There are two things I love more than almost anything else: gingers and writing. Zoe Kazan, who starts as the title character in this film, managed to marry my two favorite things. Believe you me, if I could conjure a beautiful red-head with pale skin and freckles that was in love with me into existence, I wouldve done so a long time ago.
I’ve been beyond excited for this movie since I first saw the trailer several months ago, and it was agony not knowing when my theater (or any freaking theater in the state) was going to get it due to the limited release. Finally, I discovered yesterday to my eternal joy that my theater was not only getting it, but doing a midnight release. Callously tossing aside my plans to see The Bourne Legacy, I spent all day in rapt anticipation for 12:01 AM to roll around.
Could Ruby Sparks possibly meet my expectations? Well, read on to find out!
Directors: Jonathan Dayton and Valerie Faris
Release Date: July 25th (limited)
Calvin (Paul Dano) is a published writer who has a big problem: writer’s block. His therapist gives him a simple little writing assignment, which leads to a dream about a red-headed girl named Ruby Sparks (Kazan), which leads to him writing up a storm about the girl. Then, one day, SHAZAM!, she’s real. Not a hallucination, not a sentient tumor, Calvin full-on conjures a flesh-and-blood manic pixie dream girl into existence. Things are pretty great, and then Calvin’s brother Harry (Chris Messina) prods him to find out if he can continue to control her via his writing. After a fairly innocuous experiment, Calvin locks up the script, vowing never to play God again. Things are fine until they aren’t, and the temptation to try and fix things using his omnipotent powers over Ruby becomes too great and Calvin finds himself digging a deeper and deeper hole in his relationship with his literal dream girl.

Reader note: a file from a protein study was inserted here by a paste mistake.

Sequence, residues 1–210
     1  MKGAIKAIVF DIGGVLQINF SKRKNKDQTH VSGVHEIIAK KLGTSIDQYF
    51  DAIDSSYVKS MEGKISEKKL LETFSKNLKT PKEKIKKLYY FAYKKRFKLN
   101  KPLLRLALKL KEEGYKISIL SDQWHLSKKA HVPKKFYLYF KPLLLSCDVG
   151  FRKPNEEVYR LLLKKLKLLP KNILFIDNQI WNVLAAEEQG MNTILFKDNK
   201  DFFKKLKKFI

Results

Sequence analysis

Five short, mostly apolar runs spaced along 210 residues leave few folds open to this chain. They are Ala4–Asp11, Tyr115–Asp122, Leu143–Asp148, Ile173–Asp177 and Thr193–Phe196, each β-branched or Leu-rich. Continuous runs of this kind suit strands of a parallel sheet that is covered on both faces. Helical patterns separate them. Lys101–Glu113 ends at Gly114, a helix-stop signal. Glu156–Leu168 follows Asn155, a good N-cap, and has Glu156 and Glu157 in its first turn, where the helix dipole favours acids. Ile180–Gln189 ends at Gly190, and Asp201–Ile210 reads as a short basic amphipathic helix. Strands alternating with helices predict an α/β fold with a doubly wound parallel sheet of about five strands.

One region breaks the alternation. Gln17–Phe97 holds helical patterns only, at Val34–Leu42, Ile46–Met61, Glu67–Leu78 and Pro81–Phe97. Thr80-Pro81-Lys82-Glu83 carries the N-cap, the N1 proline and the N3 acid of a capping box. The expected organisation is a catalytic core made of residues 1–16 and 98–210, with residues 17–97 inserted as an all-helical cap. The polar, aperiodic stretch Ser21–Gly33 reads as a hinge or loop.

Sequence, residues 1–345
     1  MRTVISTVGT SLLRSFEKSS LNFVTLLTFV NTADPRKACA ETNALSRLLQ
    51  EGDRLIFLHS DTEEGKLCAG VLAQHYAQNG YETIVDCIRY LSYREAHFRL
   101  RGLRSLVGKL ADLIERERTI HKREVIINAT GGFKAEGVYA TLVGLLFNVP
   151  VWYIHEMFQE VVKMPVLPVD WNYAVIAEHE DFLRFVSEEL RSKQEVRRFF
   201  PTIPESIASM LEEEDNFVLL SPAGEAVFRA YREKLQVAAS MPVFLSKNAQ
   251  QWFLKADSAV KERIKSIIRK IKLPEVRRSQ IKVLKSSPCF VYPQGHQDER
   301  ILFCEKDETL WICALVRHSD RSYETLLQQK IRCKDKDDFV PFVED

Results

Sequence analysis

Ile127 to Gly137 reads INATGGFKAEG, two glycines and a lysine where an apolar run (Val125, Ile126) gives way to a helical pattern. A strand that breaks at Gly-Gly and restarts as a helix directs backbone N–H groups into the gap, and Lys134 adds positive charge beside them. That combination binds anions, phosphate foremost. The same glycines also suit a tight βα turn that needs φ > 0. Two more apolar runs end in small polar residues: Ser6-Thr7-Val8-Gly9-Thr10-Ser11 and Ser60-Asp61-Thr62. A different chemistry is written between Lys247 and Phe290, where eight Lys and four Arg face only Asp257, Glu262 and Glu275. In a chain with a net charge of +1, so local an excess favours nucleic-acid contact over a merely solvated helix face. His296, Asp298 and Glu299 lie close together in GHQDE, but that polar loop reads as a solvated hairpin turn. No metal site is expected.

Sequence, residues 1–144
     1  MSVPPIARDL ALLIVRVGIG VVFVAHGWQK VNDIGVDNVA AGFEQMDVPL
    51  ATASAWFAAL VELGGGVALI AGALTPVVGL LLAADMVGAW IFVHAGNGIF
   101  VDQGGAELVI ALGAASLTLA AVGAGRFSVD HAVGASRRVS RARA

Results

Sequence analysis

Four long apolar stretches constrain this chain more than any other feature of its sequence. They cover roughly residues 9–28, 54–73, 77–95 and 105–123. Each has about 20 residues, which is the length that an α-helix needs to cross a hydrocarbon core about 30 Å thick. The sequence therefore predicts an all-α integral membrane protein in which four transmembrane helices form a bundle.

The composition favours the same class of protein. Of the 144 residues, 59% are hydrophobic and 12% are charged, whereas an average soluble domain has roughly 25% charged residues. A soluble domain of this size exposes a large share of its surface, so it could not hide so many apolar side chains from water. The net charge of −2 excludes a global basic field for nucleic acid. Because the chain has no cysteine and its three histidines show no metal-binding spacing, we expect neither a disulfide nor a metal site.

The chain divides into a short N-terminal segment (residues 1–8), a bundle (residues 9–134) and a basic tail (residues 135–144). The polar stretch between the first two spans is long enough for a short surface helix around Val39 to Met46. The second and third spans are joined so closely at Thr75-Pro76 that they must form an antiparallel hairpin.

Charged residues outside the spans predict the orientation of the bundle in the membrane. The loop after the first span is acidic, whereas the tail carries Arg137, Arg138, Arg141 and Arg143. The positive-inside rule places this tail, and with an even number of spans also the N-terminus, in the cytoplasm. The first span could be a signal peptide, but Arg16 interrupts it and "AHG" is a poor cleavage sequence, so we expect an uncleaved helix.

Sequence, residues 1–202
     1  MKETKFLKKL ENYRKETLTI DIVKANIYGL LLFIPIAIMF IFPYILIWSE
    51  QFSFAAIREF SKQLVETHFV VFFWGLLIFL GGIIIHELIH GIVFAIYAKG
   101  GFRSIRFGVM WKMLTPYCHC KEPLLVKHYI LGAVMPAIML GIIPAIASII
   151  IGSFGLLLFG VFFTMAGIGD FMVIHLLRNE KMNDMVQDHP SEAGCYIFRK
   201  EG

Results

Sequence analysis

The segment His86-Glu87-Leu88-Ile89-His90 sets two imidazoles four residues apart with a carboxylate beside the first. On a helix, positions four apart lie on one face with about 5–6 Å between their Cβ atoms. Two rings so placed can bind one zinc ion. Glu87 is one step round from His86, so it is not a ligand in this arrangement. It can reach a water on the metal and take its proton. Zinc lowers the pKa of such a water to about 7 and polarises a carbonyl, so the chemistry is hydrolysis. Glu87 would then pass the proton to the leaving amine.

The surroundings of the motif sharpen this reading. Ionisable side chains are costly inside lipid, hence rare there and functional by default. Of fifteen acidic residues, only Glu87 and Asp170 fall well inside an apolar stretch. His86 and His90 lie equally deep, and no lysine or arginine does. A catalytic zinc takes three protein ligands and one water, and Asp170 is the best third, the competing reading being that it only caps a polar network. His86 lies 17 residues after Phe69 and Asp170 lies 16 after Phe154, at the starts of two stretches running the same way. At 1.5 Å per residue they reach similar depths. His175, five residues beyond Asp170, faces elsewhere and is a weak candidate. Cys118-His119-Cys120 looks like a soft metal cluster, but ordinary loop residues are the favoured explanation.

The cast of this film is truly fantastic. The main characters number two, maybe three if you count Calvin’s brother, but the supporting cast is full of delightfully familiar faces. Dano and Kazan’s real-life romance makes their relationship more believable than your standard on-screen couple, while Messina’s Harry is a great guy who’s always looking out for his little brother that finds himself thrust into an unlikely situation as the only person besides Calvin who knows he created Ruby. As far as the supporting cast, as I said, it’s wonderful. Annette Bening plays the boys’ hippie mother and Antonio Banderas plays her second husband, a cool, driftwood furniture maker you’d just love to hang out with. Elliott Gould appears as Calvin’s therapist and I was quite impressed with his believable interpretation. Steve Coogan is on point as always as the writer who ‘discovered’ Calvin ten years before, Aasif Mandvi plays Calvin’s agent, Alia Shawkat is a big fan who wants to have midday sex with him, and Deborah Ann Woll shows up as Lila, Calvin’s ex. Each time one of these people popped up, the smile on my face got even bigger.
Zoe Kazan’s script was great. It was full of laughs, knew how to tug on the right heart strings, and surprisingly deep. Jonathan Dayton and Valerie Faris took that script and made it into one of the best movies I’ve seen this year. Initially light-hearted and fun, the movie took a dark turn once their relationship hit muddy waters, and it had one of the darkest, borderline terrifying climaxes I’ve ever seen in a romantic comedy in the best way possible. Without giving anything away, the script was smartly taken to its logical conclusion.
The soundtrack was awesome as well. Most of the score was classical music and there was no point where I felt that the music didn’t fit the scene.
In the end, I freaking loved this movie. It, at the very least, met my expectations if not exceeded them. It was like 500 Days of Summer sprinkled with some Butterfly Effect. That may sound ludicrous, but you’ll see what I mean. Kazan and Dano sparkle together on screen, and they are supported by a small but brutally effective cast. It’s a smart movie, so be warned. But if you’re looking for the year’s smartest and most rewarding romantic comedy, this is it.
Also, if I’m 29 and still haven’t birthed a manic pixie dream ginger into the world with my writing, I don’t know what I’ll do. Probably cry. A lot.